In some cases there will be drawings made very quickly during a class, in others they will have been worked up and yet others will be based on other artists’ work or illustrations in books. Working from life is, as anyone who has ever done it knows, infinitely harder, particularly when the poses are very short. It is also, however lacking the results may be in finish and execution, the best way to improve. One has to think, VERY HARD, that it’s about process not product.
Today’s image, made with charcoal and smudging out, was taken from life as the result of three consecutive 60 second poses by one of our regular models, Cathryn. She took considerable amusement in removing her clothes at one frame a minute while we scrawled away trying to keep up. There wasn’t time to get much more than a basic outline and some sense of energy and the fall of light.
It was such a beautiful day that I decided I’d paint the papier mâché boats in the garden. The entire enterprise ended up as a very sharp learning curve in so many ways but, that said, I haven’t had so much fun for ages. This is what I learnt:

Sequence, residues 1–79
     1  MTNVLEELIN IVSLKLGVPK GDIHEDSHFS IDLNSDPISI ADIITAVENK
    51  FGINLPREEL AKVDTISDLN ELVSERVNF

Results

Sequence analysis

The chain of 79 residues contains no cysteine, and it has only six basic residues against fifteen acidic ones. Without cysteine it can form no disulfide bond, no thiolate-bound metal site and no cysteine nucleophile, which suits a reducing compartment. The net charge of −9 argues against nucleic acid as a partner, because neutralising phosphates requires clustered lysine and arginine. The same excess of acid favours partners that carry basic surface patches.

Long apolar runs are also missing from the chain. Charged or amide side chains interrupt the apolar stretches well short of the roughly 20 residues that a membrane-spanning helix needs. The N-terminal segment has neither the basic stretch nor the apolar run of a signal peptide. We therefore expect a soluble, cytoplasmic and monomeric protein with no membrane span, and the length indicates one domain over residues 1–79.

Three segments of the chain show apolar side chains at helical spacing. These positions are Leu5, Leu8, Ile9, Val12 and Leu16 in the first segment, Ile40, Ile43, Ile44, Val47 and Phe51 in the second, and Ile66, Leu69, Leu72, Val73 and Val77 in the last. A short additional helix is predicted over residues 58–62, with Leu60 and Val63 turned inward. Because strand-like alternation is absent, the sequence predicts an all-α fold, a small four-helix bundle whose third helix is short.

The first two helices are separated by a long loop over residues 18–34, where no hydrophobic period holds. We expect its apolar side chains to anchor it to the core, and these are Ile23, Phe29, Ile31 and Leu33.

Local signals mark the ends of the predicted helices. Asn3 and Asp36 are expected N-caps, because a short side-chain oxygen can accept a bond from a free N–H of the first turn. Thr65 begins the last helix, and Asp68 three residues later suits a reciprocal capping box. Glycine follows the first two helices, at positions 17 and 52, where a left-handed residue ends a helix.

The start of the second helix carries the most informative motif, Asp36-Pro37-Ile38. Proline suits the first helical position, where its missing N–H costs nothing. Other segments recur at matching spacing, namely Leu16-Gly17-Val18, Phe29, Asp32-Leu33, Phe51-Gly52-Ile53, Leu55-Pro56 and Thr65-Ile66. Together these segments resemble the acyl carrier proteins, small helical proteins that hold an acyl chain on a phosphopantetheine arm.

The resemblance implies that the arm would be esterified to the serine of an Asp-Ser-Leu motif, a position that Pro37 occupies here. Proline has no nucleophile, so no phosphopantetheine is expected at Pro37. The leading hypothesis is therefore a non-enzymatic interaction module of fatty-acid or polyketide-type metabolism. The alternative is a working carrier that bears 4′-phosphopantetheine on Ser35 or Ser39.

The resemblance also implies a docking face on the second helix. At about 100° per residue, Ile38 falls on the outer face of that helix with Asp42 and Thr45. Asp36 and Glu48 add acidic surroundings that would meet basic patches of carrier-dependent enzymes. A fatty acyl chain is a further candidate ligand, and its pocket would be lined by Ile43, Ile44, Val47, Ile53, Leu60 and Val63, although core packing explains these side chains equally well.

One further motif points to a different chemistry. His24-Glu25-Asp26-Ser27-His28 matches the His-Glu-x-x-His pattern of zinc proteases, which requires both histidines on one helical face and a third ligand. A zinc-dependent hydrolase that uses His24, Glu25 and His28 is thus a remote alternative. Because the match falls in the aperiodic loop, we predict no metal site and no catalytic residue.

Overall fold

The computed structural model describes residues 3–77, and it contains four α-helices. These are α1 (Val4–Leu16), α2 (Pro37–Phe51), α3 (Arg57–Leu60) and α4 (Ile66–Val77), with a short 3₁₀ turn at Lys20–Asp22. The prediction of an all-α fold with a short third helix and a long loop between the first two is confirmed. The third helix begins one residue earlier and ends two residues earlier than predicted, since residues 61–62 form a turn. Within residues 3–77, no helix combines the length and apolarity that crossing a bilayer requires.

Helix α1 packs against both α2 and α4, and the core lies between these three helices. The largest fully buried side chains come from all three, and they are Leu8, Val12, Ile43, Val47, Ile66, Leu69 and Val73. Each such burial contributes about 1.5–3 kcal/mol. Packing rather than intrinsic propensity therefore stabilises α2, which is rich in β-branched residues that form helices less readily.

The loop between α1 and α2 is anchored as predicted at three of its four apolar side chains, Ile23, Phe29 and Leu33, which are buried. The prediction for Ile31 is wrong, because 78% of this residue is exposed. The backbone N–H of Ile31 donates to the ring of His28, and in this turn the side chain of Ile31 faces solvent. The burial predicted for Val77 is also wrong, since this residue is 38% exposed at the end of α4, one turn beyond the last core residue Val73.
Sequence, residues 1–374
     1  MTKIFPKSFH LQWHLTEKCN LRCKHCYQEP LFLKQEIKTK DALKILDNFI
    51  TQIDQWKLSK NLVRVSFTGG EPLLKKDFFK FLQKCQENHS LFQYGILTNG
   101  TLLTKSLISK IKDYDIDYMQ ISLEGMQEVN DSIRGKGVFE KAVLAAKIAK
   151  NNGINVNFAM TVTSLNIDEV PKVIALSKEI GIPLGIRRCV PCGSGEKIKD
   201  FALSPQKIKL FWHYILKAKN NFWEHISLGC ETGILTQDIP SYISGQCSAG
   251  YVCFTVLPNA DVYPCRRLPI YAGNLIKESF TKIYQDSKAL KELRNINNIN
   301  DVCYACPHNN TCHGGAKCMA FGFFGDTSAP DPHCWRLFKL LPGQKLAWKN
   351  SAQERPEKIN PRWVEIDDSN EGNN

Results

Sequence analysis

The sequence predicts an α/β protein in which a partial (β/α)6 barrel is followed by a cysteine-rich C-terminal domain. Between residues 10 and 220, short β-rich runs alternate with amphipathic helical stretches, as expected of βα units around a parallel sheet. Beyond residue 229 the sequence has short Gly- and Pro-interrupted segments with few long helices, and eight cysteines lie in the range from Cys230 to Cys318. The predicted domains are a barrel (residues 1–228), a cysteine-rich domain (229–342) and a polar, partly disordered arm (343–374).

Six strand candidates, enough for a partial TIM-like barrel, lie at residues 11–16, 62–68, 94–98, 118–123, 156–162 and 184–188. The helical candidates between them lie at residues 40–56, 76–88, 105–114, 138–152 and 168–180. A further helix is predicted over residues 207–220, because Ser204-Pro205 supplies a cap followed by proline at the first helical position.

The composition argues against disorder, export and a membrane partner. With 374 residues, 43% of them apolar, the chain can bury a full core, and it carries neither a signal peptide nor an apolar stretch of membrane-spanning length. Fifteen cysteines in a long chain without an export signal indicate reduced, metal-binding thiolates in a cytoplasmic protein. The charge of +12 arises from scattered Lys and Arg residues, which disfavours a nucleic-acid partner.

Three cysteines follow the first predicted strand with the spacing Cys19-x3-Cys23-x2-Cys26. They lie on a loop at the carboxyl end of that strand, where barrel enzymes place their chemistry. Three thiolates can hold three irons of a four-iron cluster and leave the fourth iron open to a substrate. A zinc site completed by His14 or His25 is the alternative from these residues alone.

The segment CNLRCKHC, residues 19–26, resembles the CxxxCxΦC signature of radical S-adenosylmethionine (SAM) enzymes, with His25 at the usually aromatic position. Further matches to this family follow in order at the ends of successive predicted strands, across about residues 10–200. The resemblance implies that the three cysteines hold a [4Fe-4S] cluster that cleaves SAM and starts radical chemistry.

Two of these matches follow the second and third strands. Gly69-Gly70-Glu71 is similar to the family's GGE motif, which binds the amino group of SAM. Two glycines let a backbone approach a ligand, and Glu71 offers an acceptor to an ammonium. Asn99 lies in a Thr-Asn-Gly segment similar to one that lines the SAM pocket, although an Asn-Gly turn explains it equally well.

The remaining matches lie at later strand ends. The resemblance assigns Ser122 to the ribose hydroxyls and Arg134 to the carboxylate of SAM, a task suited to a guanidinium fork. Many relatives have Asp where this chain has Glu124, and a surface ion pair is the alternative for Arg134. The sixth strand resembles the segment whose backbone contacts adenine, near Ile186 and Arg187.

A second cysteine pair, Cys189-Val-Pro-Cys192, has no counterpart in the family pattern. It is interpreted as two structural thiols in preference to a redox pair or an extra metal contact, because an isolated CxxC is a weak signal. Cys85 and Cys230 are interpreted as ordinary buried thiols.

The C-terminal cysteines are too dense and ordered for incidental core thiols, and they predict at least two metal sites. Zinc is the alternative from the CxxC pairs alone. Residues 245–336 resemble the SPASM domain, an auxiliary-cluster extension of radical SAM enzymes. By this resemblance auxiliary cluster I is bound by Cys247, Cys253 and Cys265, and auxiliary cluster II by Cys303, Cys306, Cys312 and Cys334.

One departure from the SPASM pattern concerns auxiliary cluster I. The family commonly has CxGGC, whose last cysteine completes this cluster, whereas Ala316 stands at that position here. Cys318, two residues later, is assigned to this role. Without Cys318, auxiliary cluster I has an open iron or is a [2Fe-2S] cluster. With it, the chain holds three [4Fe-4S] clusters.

Firstly, my idea that painting in the garden would be quick and easy to set up could not have been more wrong. Several journeys up and down stairs and I thought I had everything I could possibly need. A few more journeys once I’d started and I did have everything, but nowhere to put it.
Chocolate boxes are perfect for transporting paints and an empty urn doubles up as a useful plinth for paints.